10.4 ouncessalt (2 cups Diamond Crystal kosher salt OR 1 1/3 cups Morton kosher salt OR 1 cup plus 2 tablespoons fine sea salt)
1 1/4 cups packed dark brown sugar
1/4 cup whole black peppercorns
2 tablespoons whole allspice berries
2 gallons cold water
1 (12- to 15-pound)turkey, thawed if frozen
For smoking the brined turkey:
About 6 cupsapple wood chips
8 to 10 quartslump charcoal
1/3 cupvegetable oil
1 small yellow onion, cut into quarters
1 medium tart apple (such as Granny Smith), cut into quarters
6 tablespoons unsalted butter (3/4 stick), melted
For the gravy:
2 tablespoonsvegetable oil
1 small yellow onion, peeled and cut into 3/4-inch pieces
1 small tart apple (such as Granny Smith), cored and cut into 3/4-inch pieces
Freshly ground black pepper
1/2 cupapple cider or juice
1 small bay leaf
2 cups low-sodium chicken broth
4 tablespoons unsalted butter (1/2 stick)
1/4 cup all-purpose flour
For a Thanksgiving turkey with a surprising flavor profile, send Dad outdoors (weather permitting) to transform your grill into a smoker. Slow-cooking your bird barbecue-style also frees up oven space for the remainder of the meal. Plus, sipping bourbon and catching up with family and friends out back is a great way to pass the appetizer hour.
Special equipment: You’ll need a charcoal grill to turn into a smoker (or better yet, if you have a smoker, use it). You will also need long heatproof tongs, matches or a lighter, newspaper, 1 disposable aluminum 11-by-6-by-3-inch loaf pan, 2 disposable aluminum 8-inch square pans, a baking sheet, 2 oven mitts, 2 buckets of water (one to soak the wood chips and the other to refill the aluminum loaf pan), an oven thermometer, and a meat thermometer.
A chimney starter, which looks like a large beer stein, is handy for lighting charcoal. They can be purchased at hardware stores or online.
Lump charcoal is preferred because the charred pieces of wood burn hotter and cleaner than briquettes, uniform black pillows made from carbonized wood and a starchy binder. If you do buy briquettes, avoid the self-lighting ones, which are laden with chemicals.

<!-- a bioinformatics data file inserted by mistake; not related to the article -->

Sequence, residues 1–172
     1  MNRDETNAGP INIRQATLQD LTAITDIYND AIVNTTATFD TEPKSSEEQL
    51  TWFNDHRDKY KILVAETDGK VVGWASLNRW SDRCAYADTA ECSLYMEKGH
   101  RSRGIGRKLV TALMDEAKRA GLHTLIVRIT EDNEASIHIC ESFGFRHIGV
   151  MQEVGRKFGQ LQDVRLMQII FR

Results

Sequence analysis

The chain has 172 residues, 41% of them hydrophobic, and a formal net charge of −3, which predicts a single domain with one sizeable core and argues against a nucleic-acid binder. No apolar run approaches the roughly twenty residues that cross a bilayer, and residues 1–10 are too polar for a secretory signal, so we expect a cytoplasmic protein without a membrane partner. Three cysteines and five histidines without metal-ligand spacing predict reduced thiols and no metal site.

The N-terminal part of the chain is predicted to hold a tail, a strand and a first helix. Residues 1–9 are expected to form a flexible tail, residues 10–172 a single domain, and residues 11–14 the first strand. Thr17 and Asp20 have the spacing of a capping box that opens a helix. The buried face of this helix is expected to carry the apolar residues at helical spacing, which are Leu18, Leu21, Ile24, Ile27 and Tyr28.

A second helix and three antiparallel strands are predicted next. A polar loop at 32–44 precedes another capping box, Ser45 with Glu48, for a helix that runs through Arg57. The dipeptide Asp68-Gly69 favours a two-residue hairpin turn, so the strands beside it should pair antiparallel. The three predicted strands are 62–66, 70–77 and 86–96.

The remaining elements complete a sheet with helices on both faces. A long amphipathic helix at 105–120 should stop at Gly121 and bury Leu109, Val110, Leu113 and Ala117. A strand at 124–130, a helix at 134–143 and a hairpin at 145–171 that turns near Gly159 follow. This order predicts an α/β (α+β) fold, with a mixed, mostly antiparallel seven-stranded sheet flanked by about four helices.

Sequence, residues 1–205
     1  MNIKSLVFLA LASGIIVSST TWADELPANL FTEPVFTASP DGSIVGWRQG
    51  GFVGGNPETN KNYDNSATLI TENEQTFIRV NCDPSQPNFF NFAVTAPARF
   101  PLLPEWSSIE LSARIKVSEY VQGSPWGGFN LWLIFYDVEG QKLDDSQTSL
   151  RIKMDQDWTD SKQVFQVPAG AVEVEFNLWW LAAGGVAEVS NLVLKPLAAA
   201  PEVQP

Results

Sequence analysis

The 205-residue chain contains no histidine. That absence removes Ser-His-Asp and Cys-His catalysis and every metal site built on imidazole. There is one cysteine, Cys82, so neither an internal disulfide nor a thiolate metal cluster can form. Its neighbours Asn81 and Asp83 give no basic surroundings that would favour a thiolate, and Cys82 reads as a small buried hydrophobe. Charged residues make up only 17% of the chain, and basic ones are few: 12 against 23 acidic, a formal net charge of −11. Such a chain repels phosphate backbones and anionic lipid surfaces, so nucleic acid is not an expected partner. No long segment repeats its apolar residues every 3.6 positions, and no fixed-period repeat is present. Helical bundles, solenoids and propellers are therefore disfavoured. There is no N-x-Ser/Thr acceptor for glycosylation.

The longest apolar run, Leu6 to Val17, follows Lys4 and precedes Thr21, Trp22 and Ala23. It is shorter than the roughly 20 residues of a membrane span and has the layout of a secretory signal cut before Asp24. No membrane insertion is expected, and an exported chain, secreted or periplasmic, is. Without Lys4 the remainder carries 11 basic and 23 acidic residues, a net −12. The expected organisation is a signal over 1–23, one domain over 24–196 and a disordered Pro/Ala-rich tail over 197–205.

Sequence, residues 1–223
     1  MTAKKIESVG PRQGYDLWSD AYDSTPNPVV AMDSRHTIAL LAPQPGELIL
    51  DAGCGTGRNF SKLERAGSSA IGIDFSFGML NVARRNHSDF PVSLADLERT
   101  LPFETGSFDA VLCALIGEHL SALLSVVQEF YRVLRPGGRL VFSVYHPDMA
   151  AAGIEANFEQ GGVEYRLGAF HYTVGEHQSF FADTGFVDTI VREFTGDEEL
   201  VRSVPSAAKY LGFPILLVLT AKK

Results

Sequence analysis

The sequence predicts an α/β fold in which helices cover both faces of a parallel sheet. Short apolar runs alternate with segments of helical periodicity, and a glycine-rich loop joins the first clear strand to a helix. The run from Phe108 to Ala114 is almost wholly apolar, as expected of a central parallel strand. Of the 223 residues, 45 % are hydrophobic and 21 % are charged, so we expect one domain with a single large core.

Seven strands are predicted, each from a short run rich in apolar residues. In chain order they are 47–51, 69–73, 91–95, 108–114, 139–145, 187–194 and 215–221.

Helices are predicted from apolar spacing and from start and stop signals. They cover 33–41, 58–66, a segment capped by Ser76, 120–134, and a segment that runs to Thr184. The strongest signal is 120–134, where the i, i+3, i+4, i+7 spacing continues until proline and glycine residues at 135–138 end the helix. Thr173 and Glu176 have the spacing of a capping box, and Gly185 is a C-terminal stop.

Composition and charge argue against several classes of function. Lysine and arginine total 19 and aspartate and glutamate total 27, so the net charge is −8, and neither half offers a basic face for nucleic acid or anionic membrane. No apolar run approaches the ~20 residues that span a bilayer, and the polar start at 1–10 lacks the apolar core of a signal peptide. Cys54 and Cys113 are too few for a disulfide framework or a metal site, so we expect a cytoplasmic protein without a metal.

Buy pure, resin-free, bark-free wood chips. Choose your wood chips based on the origin of the ingredient you are smoking. For example, use cedar chips for Pacific salmon and hickory chips for Southern catfish. For this turkey, we recommend apple, but hickory or any wood will do. Wood chips can be purchased at most hardware and grocery stores during the summer months, or online.
Twine or string is useful for tying the legs together. And you will need a 4-gallon container or larger for brining the turkey.
Game plan: You will need to start this recipe the night before by brining the turkey. Then smoke the bird the next day.
1The night before cooking, combine salt, brown sugar, peppercorns, allspice, and water in a 4-gallon container; set aside.
2Remove giblets and neck from the turkey cavity. Reserve and refrigerate the neck; discard the giblets. Remove any wire or plastic holding the legs together. Rinse the turkey inside and out with cold water. Holding the legs, slowly submerge the turkey into the salt-water solution. Cover and refrigerate for 8 to 10 hours.
3The next day, remove the turkey from the brine, rinse with cold water, and pat dry with paper towels. Place on a baking sheet and refrigerate, uncovered, for at least 2 hours.
For smoking the brined turkey:
1Soak the wood chips in a bucket of water for at least 15 minutes.
2Prepare the grill: Remove the cooking grate and set it aside. Fill a chimney starter three-quarters of the way with charcoal; pour the unlit charcoal onto one side of the charcoal grate. Using tongs, stack the charcoal in a slight slope against the side of the grill bowl. Remove 1 cup of the wood chips from the water, shaking off any excess water, and lay the chips in the middle of the unlit charcoal. Fill the chimney again halfway with charcoal. Place the chimney on the charcoal grate next to the unlit coals. Twist two or three sheets of newspaper, form the twisted paper into rings, and place them under and inside the chimney. Light the newspaper through the holes at the bottom of the chimney. After about 5 minutes, the charcoal should be red and flames should have appeared toward the top of the chimney.